Bounty Hunters seem to fall under the title of “Runner” in North Carolina law, defined as “a person employed by a bail bondsman for the purpose of assisting the bail bondsman in presenting the defendant in court when required, or to assist in apprehension and surrender of defendant to the court…” With the Bail Bondsman as the person who relates directly with the courts, the Fugitive Recovery Agent is therefore employed to assist the bail bondsman. Bounty Hunting is, then, perfectly legal in North Carolina and is governed by a number of provisions.
How to Become a Bounty Hunter in North Carolina
To become a Bounty Hunter in North Carolina an individual must meet a number of requirements, listed below. Additionally, they must be employed by a licensed bail bondsman. In order to do so it is important to become educated on local laws and regulations as well as properly trained in safe and effective skip tracing techniques. Only then will a bond company feel comfortable trusting you to recover fugitives that have skipped bail. This education is also important in preparing for the Runner’s examination, a comprehensive test of your knowledge of the bail bond business. Education is essential to becoming a bounty Hunter in North Carolina.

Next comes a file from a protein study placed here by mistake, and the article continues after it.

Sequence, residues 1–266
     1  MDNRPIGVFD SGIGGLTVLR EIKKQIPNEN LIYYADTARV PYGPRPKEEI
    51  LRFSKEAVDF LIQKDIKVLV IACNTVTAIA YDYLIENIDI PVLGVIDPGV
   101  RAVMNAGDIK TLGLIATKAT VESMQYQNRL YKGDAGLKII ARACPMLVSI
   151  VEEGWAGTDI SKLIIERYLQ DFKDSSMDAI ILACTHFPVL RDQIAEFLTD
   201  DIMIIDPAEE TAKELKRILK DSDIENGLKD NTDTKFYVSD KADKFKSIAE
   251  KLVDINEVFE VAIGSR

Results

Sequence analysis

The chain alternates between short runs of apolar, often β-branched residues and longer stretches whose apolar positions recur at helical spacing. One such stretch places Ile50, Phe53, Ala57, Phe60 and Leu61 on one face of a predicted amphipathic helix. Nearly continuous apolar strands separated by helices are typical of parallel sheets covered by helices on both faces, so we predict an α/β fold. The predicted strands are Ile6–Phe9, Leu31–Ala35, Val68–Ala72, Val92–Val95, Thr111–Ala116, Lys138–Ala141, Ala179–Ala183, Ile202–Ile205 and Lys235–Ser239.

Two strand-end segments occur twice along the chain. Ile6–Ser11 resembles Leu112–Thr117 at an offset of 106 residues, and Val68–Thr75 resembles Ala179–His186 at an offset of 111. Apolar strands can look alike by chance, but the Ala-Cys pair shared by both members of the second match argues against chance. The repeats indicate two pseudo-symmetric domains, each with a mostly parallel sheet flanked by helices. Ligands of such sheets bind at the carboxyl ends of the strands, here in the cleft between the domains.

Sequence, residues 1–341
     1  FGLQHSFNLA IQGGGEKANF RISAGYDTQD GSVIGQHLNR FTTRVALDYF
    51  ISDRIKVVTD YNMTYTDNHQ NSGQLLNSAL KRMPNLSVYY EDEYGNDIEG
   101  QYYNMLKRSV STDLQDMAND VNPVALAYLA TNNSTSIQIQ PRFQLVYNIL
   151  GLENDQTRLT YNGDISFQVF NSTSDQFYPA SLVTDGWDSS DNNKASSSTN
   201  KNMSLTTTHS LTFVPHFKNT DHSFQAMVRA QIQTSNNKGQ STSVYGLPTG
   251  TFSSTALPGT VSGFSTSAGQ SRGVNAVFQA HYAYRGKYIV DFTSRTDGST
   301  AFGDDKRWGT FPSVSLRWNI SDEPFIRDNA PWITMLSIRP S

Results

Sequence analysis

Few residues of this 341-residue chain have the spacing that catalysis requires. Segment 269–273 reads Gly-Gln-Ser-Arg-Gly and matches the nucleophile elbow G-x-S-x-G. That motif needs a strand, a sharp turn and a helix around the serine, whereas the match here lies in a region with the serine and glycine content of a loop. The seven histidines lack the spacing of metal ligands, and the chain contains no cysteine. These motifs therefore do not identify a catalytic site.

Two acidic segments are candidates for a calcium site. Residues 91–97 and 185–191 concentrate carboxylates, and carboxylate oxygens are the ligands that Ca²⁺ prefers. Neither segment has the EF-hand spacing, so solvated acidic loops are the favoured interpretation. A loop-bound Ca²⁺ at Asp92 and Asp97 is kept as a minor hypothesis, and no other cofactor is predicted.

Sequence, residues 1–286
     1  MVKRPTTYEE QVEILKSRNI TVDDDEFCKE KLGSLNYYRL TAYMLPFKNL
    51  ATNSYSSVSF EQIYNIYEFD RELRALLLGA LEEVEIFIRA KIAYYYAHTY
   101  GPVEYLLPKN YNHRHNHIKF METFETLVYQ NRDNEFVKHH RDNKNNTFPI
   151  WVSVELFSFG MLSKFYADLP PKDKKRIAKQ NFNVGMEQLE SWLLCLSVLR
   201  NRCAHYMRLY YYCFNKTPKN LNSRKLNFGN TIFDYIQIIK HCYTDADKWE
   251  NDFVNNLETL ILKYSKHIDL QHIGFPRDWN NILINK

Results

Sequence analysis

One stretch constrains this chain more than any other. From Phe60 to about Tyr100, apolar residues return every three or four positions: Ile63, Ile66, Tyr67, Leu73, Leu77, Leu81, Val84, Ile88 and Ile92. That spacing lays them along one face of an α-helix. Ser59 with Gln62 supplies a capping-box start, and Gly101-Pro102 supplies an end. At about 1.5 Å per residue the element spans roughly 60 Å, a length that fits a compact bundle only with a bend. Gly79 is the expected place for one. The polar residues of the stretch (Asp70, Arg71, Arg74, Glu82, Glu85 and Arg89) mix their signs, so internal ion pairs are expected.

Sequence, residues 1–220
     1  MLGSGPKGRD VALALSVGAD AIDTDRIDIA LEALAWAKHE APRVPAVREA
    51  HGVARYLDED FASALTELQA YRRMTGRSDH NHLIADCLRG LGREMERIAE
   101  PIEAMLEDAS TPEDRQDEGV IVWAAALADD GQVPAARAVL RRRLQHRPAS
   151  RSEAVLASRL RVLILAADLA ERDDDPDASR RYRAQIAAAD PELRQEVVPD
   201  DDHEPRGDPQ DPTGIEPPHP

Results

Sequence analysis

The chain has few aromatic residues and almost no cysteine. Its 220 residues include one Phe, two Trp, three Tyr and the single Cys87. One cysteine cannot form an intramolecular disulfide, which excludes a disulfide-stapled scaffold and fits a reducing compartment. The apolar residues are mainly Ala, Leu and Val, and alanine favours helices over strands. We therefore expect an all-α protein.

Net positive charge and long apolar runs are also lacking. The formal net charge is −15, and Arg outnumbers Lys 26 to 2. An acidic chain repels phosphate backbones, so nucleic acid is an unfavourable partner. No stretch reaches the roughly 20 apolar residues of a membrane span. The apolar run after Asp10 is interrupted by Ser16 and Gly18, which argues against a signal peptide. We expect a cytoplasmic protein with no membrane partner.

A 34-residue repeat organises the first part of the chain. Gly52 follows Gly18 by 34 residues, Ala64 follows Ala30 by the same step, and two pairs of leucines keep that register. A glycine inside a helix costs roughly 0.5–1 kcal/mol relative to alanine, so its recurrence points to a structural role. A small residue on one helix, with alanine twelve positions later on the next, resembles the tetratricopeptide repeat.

North Carolina Bounty Hunter Licenses and Requirements
In order to apply for a Bounty Hunting or “runner” license in North Carolina a number of basic requirements must be met. One must be at least 18, a resident of the state, have no outstanding bail bond obligations, no felony convictions, and not be disqualified by the state in any other manner. They must also be sponsored by a bond agent and be employed by only one professional bondsman who is responsible for their actions. This is another reason that a prospective Fugitive Recovery Agent must prove their abilities and trustworthiness to prospective employers by showing that they have excellent knowledge of local laws and safe fugitive recovery techniques. Lastly, in order to obtain a license, 20 hours of Bounty Hunter education is required. Following this education, you must pass an examination administered by the Department of Insurance ranging from prohibited practices to bond limits and terminology.